Some API requests result in an immediate successful response even when the requested action has not actually been carried out yet. An example is the request for the creation of a new repository, which doesn’t cause the repository to immediately become available. The Github API documentation usually mentions this when describing an affected resource.

If you want to do something with some resource right after making a request for its creation, then you might have to wait for it to actually be created. This function can be used to do so. It repeatedly tries to access the resource until it becomes available or until the timeout exceeds. In the latter case it signals ghub-error.

RESOURCE specifies the resource that this function waits for.

DURATION specifies the maximum number of seconds to wait for, defaulting to 64 seconds. Emacs will block during that time, but the user can abort using C-g.

The first attempt is made immediately and will often succeed. If not, then another attempt is made after two seconds, and each subsequent attempt is made after waiting as long as we already waited between all preceding attempts combined.

See ghub-request’s documentation above for information about the other arguments.

Function: ghub-graphql graphql &optional variables &key username auth host callback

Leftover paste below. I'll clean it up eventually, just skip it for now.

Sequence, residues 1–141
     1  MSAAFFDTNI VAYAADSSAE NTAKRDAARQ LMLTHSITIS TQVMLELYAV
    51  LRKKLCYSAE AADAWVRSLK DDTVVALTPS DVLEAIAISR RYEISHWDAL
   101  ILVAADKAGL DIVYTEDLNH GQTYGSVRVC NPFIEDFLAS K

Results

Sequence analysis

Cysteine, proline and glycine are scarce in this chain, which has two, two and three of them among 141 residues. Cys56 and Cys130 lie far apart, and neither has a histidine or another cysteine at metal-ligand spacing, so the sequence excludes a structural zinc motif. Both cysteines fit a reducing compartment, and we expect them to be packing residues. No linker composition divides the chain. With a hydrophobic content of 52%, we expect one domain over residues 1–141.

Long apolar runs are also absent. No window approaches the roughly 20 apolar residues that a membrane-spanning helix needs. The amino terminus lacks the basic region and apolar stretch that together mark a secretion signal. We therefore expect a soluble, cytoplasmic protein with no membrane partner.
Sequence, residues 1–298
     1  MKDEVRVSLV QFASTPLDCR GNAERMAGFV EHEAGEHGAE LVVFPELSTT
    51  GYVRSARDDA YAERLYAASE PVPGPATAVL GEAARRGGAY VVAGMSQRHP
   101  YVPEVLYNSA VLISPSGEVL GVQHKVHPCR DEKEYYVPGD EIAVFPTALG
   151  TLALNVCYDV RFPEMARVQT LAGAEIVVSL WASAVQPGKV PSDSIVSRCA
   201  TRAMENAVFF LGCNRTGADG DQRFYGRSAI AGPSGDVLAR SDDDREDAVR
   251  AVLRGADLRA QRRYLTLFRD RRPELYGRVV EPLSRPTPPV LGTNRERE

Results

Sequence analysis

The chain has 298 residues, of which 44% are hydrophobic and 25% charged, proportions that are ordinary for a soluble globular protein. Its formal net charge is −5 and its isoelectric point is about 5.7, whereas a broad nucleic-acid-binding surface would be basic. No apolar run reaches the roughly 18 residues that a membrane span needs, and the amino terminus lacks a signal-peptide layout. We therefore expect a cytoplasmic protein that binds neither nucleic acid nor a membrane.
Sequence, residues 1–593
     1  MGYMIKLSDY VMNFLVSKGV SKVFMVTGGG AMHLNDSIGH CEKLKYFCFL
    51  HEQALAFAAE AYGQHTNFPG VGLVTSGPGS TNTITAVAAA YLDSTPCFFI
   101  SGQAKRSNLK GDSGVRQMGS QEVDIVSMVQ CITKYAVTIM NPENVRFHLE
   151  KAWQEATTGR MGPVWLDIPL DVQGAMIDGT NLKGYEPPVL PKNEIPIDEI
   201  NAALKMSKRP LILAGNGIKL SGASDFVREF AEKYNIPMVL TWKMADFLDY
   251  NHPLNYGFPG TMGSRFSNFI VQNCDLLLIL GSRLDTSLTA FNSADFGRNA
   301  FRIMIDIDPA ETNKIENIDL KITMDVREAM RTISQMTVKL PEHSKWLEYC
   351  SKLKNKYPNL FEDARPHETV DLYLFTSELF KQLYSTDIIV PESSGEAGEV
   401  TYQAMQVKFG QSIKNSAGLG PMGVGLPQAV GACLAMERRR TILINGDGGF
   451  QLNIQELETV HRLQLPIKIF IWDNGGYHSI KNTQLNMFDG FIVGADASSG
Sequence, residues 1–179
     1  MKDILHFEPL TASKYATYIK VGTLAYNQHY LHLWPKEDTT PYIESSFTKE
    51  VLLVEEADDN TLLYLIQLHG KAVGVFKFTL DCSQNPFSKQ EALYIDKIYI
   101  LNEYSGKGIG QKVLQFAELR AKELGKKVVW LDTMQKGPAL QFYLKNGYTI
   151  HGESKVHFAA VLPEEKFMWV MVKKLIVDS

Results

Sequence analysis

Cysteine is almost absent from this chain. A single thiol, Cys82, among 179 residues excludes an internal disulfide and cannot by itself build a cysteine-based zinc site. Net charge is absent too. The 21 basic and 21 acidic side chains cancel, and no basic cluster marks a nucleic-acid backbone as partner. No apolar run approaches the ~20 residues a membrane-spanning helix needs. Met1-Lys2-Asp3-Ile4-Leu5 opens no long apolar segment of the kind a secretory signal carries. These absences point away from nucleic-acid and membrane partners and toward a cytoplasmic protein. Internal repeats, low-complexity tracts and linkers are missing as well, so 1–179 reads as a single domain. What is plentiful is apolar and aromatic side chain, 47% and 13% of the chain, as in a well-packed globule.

This function makes a GraphQL request using GRAPHQL and VARIABLES as inputs. GRAPHQL is a GraphQL string. VARIABLES is a JSON-like alist. The other arguments behave as for ghub-request (which see).

The response is returned as a JSON-like alist. Even if the response contains errors, this function does not raise an error. Cursor-handling is likewise left to the caller.


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5.2 Authentication

Command: ghub-create-token

This command creates a new token using the values it reads from the user and then stores it according to the variable auth-sources. It can also be called non-interactively, but you shouldn’t do that yourself.

This is useful if you want to fully setup things before attempting to make the initial request, if you want to provide fewer than the requested scopes or customize auth-sources first, or if something has gone wrong when using the wizard that is used when making a request without doing this first. (Note that instead of using this command you can also just repeat the initial request after making the desired adjustments — that is easier.)